El Mirador

Q: ‘Can you tell me about a grand estate called El Mirador?’ —Tom Millward A: As the late 1800s faded into the early 1900s, a number of America’s wealthy from the East Coast and Midwest discovered the beauties of the oak-covered hills of Montecito and built palatial residences there for either permanent or part-time residence. Among these newcomers was Jonathan Ogden Armour of Chicago.

He was the son of Philip D. Armour, founder of one of several Chicago meat-packing empires that had earned that city the sobriquet, “hog butcher to the world.” Philip founded his company in 1863 after spending a number of years in the California gold fields. Upon his death in 1901, control of the company’s fortunes fell to his son. The family had already visited Santa Barbara more than once and continued to do so, staying at the Potter Hotel near West Beach or as guests at El Mirasol Hotel, located where Alice Keck Park Memorial Garden is today.

The Armours began buying portions of the former Charles Eaton estate, Riso Rivo, along what is today Cold Springs Road, in 1916. By 1918 the Armours’ holdings had grown to some 70 acres. The family christened their estate El Mirador, meaning The Viewpoint. Armour engaged Arthur Hehn of Chicago to design a number of new buildings and to landscape the grounds. Plans for a magnificent mansion were put on hold, in part because of U.S. involvement in World War I. In 1920, a smaller main house, in two parts connected by a courtyard, was completed. Charles Urton, who built the Granada Building in downtown Santa Barbara, was the contractor.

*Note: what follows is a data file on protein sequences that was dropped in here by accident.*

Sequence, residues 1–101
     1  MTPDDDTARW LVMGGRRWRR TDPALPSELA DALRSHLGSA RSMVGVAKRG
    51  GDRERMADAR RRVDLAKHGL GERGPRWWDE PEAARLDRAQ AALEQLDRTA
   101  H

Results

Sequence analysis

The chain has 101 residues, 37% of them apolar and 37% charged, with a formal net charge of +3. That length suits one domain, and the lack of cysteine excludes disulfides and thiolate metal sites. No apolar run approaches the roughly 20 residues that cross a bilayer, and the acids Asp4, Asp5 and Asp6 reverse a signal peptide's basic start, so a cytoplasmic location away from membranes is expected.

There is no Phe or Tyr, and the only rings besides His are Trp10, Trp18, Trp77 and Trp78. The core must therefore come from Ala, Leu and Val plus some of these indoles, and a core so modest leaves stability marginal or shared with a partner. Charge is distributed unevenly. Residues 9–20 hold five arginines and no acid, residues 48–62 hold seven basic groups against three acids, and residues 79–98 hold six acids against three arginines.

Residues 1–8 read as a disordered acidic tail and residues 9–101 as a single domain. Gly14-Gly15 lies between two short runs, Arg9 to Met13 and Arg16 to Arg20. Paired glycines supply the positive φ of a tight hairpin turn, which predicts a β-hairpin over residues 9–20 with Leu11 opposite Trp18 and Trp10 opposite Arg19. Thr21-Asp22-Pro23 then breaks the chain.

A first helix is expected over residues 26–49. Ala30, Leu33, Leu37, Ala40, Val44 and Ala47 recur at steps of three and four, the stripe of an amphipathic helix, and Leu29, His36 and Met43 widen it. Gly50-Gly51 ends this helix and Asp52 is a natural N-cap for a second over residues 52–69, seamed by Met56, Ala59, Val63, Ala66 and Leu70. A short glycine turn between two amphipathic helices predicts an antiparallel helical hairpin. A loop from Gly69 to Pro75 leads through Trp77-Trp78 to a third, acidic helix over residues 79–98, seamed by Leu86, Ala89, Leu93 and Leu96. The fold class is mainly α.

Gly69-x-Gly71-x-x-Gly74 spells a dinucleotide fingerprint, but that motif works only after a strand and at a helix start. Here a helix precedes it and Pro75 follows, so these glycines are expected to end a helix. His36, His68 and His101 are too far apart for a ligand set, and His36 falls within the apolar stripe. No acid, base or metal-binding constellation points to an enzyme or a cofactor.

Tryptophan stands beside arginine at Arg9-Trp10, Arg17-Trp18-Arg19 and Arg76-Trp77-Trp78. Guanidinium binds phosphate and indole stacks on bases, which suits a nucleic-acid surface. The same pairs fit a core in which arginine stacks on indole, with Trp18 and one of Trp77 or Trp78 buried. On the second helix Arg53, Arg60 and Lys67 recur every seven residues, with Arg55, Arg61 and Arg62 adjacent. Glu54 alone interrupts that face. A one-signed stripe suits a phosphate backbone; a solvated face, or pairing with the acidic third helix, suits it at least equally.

In 1922, Lolita Armour married John J. Mitchell Jr. in Chicago. Mitchell was the son of the president of a major Chicago bank and later would become an early director of United Airlines. The Mitchells split their time among their Chicago penthouse, El Mirador, a Montecito beach house, their 12,000-acre ranch in the Santa Ynez Valley, and property they owned at Zaca Lake. In 1930, Mitchell was one of the founders and the first president of the men’s fraternal equestrian group, Rancheros Visitadores.

Elmer Awl was put in charge of developing the gardens and grounds of El Mirador. Awl had known the Armours in Pasadena and he eventually moved to El Mirador to transform the grounds into one of the most fabulous estates in Montecito. The centerpiece was the 500-foot-long formal Italian garden, with streams cascading down its seven terraces. The old Eaton home was torn down shortly after a 1921 fire damaged it and was replaced by a fanciful underground grotto with stalactites and stalagmites carved from rocks in a nearby creek. The grotto was surmounted by a two-story, wisteria-covered pergola.

In addition to the gardens, the estate had a dairy, a poultry farm, vegetable gardens, and avocado and lemon orchards. The estate also boasted a small zoo with two bears, a wallaby, and macaws — this in addition to any number of dogs and cats. The tea pavilion floating upon the man-made lake was a popular spot for dinner parties while the amphitheater could seat up to 1,000 people to enjoy performances by the likes of dancers Isadora Duncan and Ruth St. Denis. To keep the gardens green a 1.3-million-gallon reservoir was utilized to harness the waters of Cold Springs Creek. Awl supervised a crew of up to 30 gardeners to look after all of this. The Mitchells divorced in 1941, but even by that time financial constraints had caused reduced upkeep of the grounds. Lolita continued to make El Mirador her home until her death in 1976. As was the case with so many of the grand Montecito estates, the property was eventually subdivided and the parcels sold off. At its height, however, El Mirador was one of Montecito’s jewels.

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